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K League Coach World Cup Analysis: Sweden 1-0 Korea

World Cup Analysis: Sweden Vs Korea
Korea began their 2018 World Cup Russia campaign with a disappointing 1-0 defeat to Sweden. A penalty from veteran defender and captain Andreas Granqvist on 65 minutes was enough to see the Swedes go joint top of Group F with Mexico. K League United's in-house coach gives his analysis on what went wrong for Shin Tae-yong's men.
(Image via Getty)

Game Information

Team: Korean National Team
Opposition: Sweden
Date: June 18th 2018
Competition: World Cup Round 1
Number of report: 5

Match Overview

A disappointing opening round defeat to Sweden was summed up by the fact that Korea failed to produce a single shot on target during the game. Sweden were able to control the contest both with and without the ball, showing a greater level of understanding, cohesion, and preparation than their Korean counterparts were able to. Even with starting centre back Victor Lindelöf falling ill overnight and missing the game, Korea were not able to trouble the Swedish backline.

Line Up



Defensive Structure

Korea decided to play with a deep defensive line, as they did in the first half against Poland earlier in the year. Korea were very concerned about the aerial threat of the Swedish strikers so would pull Ki Seung-yeung deep in order to screen the back four and to challenge for any knock-downs. This left Kim Shin-wook alone to press the Swedish back line. With the Jeonbuk man not the most mobile of strikers, working alone like this reaped very few rewards.


Offensive Shape


When Korea were in possession they attempted to morph into a 4-3-3 shape, with width coming from the full-backs, and the two wide attackers getting close to Kim Shin-wook. With crosses aimed at Kim Shin-wook these two attackers had to try and live off knockdowns or poor clearances.




Transitional Moments

With Korea sitting so deep it was hard for them to catch Sweden out of shape when the ball turned over. Wide attackers would move centrally to support the striker, but with the full backs so deep there was a delay in offering any width. Sweden would use this delay to drop back into their defensive block that Korea could not break down.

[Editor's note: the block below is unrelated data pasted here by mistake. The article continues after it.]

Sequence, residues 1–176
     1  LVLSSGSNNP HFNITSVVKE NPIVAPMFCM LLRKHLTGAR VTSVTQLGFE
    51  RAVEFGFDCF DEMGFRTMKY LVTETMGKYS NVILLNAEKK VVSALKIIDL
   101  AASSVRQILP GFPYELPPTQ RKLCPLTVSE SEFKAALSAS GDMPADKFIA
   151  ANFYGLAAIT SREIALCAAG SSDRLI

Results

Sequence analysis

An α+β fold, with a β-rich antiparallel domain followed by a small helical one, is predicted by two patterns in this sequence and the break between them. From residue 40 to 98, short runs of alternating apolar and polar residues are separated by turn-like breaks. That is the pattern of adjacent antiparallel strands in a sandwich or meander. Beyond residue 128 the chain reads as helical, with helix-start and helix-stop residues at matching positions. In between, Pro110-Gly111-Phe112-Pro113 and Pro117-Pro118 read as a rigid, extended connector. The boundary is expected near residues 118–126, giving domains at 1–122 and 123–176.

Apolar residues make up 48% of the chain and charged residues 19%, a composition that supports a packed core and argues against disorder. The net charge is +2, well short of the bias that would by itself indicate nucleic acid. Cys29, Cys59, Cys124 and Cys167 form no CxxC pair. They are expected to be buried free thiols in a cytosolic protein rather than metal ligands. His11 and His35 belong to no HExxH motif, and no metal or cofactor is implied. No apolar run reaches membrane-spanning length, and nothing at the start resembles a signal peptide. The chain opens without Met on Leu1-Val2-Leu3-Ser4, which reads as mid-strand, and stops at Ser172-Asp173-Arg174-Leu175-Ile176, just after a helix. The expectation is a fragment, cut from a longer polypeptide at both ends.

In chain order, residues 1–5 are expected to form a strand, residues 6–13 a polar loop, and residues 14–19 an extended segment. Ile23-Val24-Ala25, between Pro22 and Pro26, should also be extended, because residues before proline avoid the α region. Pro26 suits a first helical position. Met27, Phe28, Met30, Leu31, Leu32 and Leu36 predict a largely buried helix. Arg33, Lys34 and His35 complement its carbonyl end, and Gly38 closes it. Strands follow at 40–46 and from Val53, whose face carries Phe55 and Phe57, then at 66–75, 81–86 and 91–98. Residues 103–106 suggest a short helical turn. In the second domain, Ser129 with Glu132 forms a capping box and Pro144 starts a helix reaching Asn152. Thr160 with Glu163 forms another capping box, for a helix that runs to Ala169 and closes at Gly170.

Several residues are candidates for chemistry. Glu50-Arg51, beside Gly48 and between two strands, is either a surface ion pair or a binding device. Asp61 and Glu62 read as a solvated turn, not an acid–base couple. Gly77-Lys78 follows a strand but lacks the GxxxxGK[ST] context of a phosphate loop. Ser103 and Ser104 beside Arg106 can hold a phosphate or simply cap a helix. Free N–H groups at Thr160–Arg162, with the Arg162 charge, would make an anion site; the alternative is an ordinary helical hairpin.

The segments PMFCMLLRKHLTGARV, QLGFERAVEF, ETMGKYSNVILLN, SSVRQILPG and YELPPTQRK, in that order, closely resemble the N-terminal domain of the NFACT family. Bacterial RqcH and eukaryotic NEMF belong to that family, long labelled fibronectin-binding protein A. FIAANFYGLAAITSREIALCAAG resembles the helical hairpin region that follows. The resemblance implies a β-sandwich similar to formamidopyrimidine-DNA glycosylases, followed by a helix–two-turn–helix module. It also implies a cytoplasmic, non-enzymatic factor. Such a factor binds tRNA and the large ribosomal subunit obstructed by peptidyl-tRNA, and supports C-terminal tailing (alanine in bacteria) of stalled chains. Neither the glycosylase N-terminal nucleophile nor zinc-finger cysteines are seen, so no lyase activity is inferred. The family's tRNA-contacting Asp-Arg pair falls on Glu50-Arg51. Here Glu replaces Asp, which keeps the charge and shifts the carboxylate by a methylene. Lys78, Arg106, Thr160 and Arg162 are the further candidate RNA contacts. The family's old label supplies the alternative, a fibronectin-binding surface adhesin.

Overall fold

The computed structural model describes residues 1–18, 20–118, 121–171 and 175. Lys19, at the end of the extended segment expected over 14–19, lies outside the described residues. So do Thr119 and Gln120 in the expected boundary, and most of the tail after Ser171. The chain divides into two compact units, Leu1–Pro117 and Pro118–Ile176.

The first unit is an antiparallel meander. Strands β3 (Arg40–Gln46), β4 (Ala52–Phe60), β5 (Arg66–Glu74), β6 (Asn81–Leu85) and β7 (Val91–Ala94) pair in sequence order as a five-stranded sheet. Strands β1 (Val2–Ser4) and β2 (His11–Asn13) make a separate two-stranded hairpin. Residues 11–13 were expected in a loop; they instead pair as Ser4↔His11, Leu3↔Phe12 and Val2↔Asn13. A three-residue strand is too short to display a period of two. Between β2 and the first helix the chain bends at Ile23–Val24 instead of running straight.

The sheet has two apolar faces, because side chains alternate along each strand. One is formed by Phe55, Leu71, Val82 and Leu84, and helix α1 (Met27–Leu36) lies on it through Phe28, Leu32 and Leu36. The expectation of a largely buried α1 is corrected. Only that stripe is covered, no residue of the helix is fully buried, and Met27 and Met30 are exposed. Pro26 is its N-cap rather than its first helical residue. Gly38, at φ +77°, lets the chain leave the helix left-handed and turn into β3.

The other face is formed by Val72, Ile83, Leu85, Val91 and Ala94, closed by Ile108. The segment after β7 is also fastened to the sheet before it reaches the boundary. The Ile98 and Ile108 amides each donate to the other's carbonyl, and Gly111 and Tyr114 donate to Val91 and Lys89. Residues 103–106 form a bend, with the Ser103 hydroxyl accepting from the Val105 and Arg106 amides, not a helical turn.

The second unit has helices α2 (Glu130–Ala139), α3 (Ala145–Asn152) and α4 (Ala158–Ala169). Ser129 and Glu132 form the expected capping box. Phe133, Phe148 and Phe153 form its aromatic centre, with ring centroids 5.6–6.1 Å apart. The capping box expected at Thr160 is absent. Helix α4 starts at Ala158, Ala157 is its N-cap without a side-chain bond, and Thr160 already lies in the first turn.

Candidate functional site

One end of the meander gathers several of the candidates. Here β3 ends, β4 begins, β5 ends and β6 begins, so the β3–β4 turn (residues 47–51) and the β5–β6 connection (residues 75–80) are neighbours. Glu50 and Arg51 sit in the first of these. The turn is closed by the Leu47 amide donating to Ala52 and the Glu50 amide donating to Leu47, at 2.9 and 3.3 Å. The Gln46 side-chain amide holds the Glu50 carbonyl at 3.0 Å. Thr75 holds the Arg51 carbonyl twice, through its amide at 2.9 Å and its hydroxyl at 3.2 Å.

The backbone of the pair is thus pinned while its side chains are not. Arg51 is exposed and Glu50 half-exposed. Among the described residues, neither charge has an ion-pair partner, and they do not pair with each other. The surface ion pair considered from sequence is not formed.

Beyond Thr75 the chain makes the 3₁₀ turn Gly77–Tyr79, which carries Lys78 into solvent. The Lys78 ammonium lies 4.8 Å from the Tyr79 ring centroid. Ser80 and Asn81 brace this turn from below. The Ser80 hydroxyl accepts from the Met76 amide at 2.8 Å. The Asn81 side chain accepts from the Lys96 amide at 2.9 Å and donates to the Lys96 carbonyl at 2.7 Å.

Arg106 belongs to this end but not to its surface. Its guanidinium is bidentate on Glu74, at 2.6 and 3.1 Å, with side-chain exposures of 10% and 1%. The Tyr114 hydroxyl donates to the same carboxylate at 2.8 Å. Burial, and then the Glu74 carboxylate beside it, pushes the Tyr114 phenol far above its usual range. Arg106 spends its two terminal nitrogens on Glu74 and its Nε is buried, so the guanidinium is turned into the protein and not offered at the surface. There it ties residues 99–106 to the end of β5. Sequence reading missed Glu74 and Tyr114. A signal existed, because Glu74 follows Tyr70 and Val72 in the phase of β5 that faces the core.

Playing Out From The Back

As has been a theme during the warm-up friendlies Korea really struggled during the build-up phase of play. The team often set itself in a shape where players occupied the same passing lanes as a teammate, almost marking each other out of the game and restricted the options for the man on the ball. With the inclusion of Kim Shin-wook up front it also led to players often simply playing long, high balls to him that the Swedish defense were well prepared for.


It was from this exact moment that Korea played a long, straight ball forward which Sweden intercepted and resulted in the penalty that was eventually converted by Andreas Granqvist.

Conclusions

  • The deep defensive line made it hard for Korea to get forward and exploit transitions.
  • When in possession Korea were poor during the build-up phase. Poor play getting out from the back meant few effective attacks were built.
  • The inclusion of Kim Shin-wook results in Korean defenders often bypassing midfield and looking for the big target man, resulting in multiple turnovers.
  • Korea were focused on delivering balls from wide full-backs, however, as seen during qualifying and recent friendlies, delivery was very poor.
  • It seems as though Korea have failed to master and feel comfortable in any particular system. Constant changes of shape, system, and approach over the last few months has left the team looking disjointed and lacking in the ability to find a way through the opposition.

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